Carillion – The Fall of a Giant

Tuesday 16th January 2018

And so yet another contractor collapses; although, on this occasion, the shock waves are that much greater. The bigger they are, the harder they fall. Although the media is focussing heavily on the political angles to the story, the causes of Carillion’s demise are, I suspect, likely fairly typical of any contractor insolvency, and serve as a timely reminder to everyone of how things can go wrong.

From what we can see already in the news reports and radio interviews, there is a suspicion that Carillion was consistently under-pricing its services in order to win tenders. It may have been doing so deliberately to chase turnover, but of course this eventually impacts hard on profitability. It is also possible that Carillion was simply estimating its costs insufficiently when submitting tenders, and this reminds us all of the importance of spending the right amount of time and care in pricing for any job. It is also possible that Carillion was not good at estimating how long it would take to complete its projects, with the consequence that it began to shoulder an ever growing burden of “delay damages” for late completion. Estimating a realistic programme on any construction project is a complex exercise, but on the mega projects with which Carillion was involved this must have been a massive challenge. Project delay can easily become a “runaway train” leading to a nasty crash at some point. However difficult all of these risks might be to manage, if a contractor wants to sit at the “major contracts” table, it must devote great care to consider and make adequate provision for such risks. In the “age of austerity” over the last 10 years I wonder whether sufficient care and resource has gone into this risk management where the business priority may have been to ensure that the order books stayed full to provide short term reassurance to shareholders.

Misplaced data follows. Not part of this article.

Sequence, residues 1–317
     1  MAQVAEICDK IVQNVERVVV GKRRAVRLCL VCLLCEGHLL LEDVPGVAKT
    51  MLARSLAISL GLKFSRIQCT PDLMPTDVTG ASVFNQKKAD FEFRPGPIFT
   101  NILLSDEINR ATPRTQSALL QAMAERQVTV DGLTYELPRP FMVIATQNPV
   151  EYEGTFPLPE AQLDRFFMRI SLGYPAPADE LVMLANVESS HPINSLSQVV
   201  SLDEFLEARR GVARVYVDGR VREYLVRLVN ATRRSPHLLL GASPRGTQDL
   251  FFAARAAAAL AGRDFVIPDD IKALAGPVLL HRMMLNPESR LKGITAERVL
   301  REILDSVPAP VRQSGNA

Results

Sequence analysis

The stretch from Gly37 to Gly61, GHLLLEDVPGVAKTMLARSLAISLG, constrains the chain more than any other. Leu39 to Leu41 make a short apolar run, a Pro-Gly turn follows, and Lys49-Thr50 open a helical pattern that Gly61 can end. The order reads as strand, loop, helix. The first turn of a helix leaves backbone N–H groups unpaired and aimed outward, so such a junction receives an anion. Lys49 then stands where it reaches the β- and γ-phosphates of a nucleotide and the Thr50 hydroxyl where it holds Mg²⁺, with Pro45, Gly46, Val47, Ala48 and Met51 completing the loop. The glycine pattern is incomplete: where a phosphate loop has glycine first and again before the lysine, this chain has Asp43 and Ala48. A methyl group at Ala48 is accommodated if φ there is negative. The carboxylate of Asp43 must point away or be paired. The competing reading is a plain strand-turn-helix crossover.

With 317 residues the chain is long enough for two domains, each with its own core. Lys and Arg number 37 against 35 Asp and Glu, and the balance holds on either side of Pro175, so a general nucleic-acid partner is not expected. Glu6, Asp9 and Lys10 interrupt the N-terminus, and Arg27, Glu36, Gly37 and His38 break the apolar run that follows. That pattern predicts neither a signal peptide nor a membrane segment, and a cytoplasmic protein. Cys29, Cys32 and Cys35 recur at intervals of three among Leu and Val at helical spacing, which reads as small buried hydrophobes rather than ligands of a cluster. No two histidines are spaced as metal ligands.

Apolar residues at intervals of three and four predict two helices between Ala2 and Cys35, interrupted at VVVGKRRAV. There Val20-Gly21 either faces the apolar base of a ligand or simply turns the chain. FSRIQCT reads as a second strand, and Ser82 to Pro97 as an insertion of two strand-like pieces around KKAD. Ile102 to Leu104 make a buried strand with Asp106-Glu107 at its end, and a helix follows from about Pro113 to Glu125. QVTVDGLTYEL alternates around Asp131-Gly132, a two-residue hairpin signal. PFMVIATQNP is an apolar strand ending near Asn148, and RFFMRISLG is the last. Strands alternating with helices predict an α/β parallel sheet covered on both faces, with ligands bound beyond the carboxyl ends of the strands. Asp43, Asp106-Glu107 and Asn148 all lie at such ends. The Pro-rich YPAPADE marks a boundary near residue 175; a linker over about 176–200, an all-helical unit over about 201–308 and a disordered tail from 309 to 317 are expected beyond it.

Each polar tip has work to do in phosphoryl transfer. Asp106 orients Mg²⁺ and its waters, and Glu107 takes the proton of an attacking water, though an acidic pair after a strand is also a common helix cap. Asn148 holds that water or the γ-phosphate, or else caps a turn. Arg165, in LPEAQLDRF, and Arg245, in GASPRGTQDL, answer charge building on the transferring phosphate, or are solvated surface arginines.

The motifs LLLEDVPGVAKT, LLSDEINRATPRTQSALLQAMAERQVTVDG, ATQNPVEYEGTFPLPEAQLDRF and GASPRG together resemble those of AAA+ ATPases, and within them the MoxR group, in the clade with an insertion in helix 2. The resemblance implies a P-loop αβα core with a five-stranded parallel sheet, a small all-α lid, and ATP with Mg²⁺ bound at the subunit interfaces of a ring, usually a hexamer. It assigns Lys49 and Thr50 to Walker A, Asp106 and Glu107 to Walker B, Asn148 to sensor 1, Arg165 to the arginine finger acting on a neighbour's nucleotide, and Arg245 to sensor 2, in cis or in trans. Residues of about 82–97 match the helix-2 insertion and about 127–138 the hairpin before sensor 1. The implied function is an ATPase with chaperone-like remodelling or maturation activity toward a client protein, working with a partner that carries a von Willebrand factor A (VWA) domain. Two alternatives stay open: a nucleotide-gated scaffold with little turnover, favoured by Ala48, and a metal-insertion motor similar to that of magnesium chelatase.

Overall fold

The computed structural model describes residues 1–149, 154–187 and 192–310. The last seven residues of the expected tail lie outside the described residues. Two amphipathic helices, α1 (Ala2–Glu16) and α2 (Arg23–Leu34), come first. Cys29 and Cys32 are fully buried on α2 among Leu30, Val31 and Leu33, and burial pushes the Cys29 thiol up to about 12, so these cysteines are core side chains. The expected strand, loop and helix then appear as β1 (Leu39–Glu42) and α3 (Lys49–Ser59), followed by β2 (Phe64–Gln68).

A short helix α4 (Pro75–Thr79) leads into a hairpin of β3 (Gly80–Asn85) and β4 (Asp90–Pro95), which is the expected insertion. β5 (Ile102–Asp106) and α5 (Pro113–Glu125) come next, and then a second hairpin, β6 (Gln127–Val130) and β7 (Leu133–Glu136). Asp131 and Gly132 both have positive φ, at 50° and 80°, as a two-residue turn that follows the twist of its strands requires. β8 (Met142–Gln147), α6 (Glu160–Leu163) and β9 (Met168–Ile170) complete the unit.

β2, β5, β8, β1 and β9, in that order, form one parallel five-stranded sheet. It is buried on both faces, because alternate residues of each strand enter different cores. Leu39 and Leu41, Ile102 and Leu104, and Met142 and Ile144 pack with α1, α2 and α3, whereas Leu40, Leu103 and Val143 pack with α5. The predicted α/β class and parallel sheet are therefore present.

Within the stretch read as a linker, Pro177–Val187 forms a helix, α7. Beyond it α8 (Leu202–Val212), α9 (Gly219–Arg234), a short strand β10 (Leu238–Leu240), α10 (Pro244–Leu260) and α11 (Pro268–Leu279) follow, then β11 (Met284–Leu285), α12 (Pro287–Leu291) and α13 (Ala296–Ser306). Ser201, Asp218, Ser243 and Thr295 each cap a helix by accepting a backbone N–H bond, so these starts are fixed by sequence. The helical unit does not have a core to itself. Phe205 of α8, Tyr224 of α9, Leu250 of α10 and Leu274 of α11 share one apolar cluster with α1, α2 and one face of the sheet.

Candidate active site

Having said that, it is also perfectly possible that Carillion, like many contractors before it, may not be entirely its own fault. We understand that nearly 40% of its work was with the public sector. Let’s face it, public sector procurement has an awful track record in terms of hugely lengthy and costly tender procedures, lack of precision over the designs or specifications for the end product, regular changes to what is required, and delays in the provision of information needed by the contractor. These frequently lead to projects where the contractor ends up shouldering huge cost overruns in the false expectation that these will all eventually be reimbursed by the client. When the extra money fails to materialise, or is delayed, this creates huge pressure on cashflow, especially when the contractor’s supply chain still needs to be paid.

The detail will no doubt come out in future exhaustive reports, long after the event, and hopefully Carillion staff and suppliers will be looked after properly by the Government in this moment of crisis. However, it is possible that any future report will merely confirm what we already suspect to be the various causes of this latest collapse. In an industry where profit margins are almost unsustainably low, and clients want ever lower costs, there may simply not be enough allowance made for risk. Ultimately, if clients will not pay enough for contractors to be able to manage risk better, we will continue to see stories like Carillion’s. Contractors are under so much pressure to reduce their own costs and to win work that they are perhaps losing sight of the old-fashioned virtue of pinning down all the detail and risk right at the start.